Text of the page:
Houston’s office market weakens over the quarter and most likely will not see improvement in the short-term
Commentary by Patrick Duffy, MCR | President | Houston
The Houston office market weathered the first phase of the COVID-19 pandemic, as we anticipated, with limited immediate impact on “the numbers.” The lock-downs and social distancing forced companies to embrace a work from home strategy and begin the process of rethinking their office utilization going forward. The majority of surveys we have seen indicate that the vast majority of office workers and their managers were pleasantly surprised by the productivity they were able to maintain in a remote environment. Returning to the office has been a slow process as the stay-at-home orders were incrementally lifted. Many companies have decided to keep all of their workers out of the office for the balance of the summer and some have told employees to plan on working from home indefinitely. Most companies have adopted a voluntary return to the office policy combined with strong protocols for reducing the risk of infection at the office.
As we begin the 3rd quarter, we have seen an increase in activity from potential office users in pursuing new leases. It appears that after an initial shock and some “wait and see” delays, most companies are starting to realize that we will be operating in a COVID-19 reality for some time and that they can no longer just sit back and wait for the virus to resolve.
The overall vacancy rate increased to 20.5% from 20.1% at the end of Q2. This increase in the vacancy rate was caused by net negative absorption of 513,316 square feet and the delivery of 454,523 square feet of new product. We also observed an increase in sublease availability of approximately 1,000,000 square feet in the second quarter. The bulk of this space was placed on the market by companies concentrated in the energy and petrochemical industries, both hit hard by the drop in demand for refined products caused by the global lock-down.
Asking rents were relatively flat from the previous quarter and the second quarter last year. Downtown saw the most significant decline year over year and suburban asking rents increased very slightly. Our team reports that Landlords continue to fight to hold face rates, but are being much more generous with free rent and tenant improvement allowances for larger, good credit tenants, effectively reducing the occupancy expense over the term.
Newer buildings continue to perform better than the older inventory as the “flight to quality” continues in Houston. With subdued demand and over 4 million square feet of office under construction, we expect the overall vacancy rate to increase over the next twelve months. Companies will be re-balancing their office strategy with more work from home AND more social distancing in the office, which will move us toward a less dense office occupancy. Less density, more distance requires more space – that need will be off-set by more employees working from home. We will not clearly understand the net impact of these two forces on net office space requirements for some time, but we do expect the office market to remain weak for the foreseeable future.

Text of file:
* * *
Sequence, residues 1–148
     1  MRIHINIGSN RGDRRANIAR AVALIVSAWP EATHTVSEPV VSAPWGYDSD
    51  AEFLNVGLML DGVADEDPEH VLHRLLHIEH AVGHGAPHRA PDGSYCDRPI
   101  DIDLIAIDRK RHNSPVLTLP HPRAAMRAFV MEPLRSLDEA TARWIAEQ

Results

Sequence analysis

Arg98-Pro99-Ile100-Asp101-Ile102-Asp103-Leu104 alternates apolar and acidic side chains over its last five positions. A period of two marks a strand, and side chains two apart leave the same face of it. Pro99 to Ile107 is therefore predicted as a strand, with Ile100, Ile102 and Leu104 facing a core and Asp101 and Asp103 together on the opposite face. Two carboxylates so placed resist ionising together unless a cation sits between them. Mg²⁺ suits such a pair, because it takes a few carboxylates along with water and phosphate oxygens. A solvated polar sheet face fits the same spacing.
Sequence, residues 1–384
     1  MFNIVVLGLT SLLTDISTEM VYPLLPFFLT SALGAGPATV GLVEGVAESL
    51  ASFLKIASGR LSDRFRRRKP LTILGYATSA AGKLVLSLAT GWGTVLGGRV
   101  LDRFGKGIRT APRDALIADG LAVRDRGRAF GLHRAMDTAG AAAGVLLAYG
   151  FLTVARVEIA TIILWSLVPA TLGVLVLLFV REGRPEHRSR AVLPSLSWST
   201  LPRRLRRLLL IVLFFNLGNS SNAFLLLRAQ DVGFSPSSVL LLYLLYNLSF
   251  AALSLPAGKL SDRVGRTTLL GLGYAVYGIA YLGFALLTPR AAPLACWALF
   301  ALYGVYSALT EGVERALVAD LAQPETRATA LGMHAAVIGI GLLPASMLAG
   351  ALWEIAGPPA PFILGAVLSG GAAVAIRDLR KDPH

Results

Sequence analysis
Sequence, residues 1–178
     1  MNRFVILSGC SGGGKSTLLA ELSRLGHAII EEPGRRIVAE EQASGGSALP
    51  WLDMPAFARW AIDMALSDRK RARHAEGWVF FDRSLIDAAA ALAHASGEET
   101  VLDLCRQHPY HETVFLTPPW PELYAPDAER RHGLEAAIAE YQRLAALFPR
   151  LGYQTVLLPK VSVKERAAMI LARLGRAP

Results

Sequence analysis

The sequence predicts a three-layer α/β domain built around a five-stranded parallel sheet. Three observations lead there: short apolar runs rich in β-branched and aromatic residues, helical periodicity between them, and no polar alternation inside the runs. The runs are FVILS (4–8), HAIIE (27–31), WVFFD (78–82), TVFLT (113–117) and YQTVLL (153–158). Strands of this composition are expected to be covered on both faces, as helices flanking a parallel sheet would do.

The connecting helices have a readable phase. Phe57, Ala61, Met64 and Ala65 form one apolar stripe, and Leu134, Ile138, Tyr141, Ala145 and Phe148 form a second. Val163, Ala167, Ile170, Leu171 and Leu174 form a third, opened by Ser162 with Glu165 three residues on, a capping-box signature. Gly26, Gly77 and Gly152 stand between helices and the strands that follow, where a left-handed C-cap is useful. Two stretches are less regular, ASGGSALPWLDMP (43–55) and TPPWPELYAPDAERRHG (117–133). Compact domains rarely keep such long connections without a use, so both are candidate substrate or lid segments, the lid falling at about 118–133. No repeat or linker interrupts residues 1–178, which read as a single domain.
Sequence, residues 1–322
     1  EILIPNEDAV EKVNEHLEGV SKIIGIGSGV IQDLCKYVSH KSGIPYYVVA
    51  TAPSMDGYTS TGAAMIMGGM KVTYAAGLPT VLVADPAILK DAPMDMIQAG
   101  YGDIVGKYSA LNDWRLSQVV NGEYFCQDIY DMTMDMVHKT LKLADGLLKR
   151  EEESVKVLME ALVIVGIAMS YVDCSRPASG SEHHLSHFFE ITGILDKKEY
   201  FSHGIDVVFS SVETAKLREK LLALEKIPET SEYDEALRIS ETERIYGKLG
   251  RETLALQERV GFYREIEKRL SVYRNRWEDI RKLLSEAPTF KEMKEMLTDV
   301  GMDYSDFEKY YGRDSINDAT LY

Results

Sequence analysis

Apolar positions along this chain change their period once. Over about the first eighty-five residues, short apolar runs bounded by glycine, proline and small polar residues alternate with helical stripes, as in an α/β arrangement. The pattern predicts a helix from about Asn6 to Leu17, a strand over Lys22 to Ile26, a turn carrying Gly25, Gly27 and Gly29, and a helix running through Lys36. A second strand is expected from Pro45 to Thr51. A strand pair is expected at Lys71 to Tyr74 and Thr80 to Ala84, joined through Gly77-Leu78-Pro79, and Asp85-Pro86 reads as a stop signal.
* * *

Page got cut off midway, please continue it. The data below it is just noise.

Historical Available Sublease Space
Of the 1,661 existing office buildings in our survey, 87 buildings have 100,000 SF or more contiguous space available for lease or sublease. There are 27 options with 200,000 SF available for lease or sublease. Citywide, 6.6 million SF of sublease space is listed as available and 2.3 million SF of the space is vacant.
Absorption & Demand
Houston’s office market posted negative net absorption of 513,316 SF in the second quarter, pushing the mid-year 2020 total net absorption to negative 794,972 SF. CBD Class B space recorded the only gain in Q2, posting 17,121 SF of positive net absorption, while suburban Class B space reported the largest loss, posting 246,412 SF of negative net absorption. Since tenants typically do not move into lease space immediately after signing a lease, absorption lags and can occur at anytime after. We believe absorption numbers will trail even longer than usual in the short-term due to the “stay-at-home” orders amid COVID-19, so absorption will more than likely remain negative moving into Q3 2020.
Houston’s average asking rental rate increased over the quarter from $29.59 per SF to $29.77 per SF. The average CBD asking rate dropped from $39.38 per SF to $39.10 per SF and Houston’s average suburban rental rate rose to $27.34 per SF from $27.02 per SF. Overall, rental rates only increased by 0.6% on a quarterly basis and by 0.1% on an annual basis. Suburban Class B rates posted the largest annual percentage increase of 4.6%, while CBD Class A rates posted the largest annual percentage decrease of 3.9%.
Houston’s office leasing activity fell 35% over the quarter from 4.5M SF to 2.9M SF primarily due to the Covid-19 “stay-at-home” orders in the greater Houston area. Leasing activity includes new/direct, sublet, renewals, expansions in existing buildings and pre-leasing in proposed buildings. Some of the more notable transactions that did occur in Q2 2020 are listed in the table below.
Houston’s office investment sales volume decreased significantly over the quarter from $462 million in Q1 2020 to $74 million in Q2 2020. The average sales price per square foot trended up from $268 to $281 per SF annually and Houston’s average office cap rate moved from 6.8% to 6.7%.
Office Development Pipeline
4.3 million SF of office space is under construction and approximately 63% is pre-leased. 2.4 million SF is spec development of which 29% is pre-leased. Below is a summary of the office buildings under construction with a GBA of 150,000 SF or greater.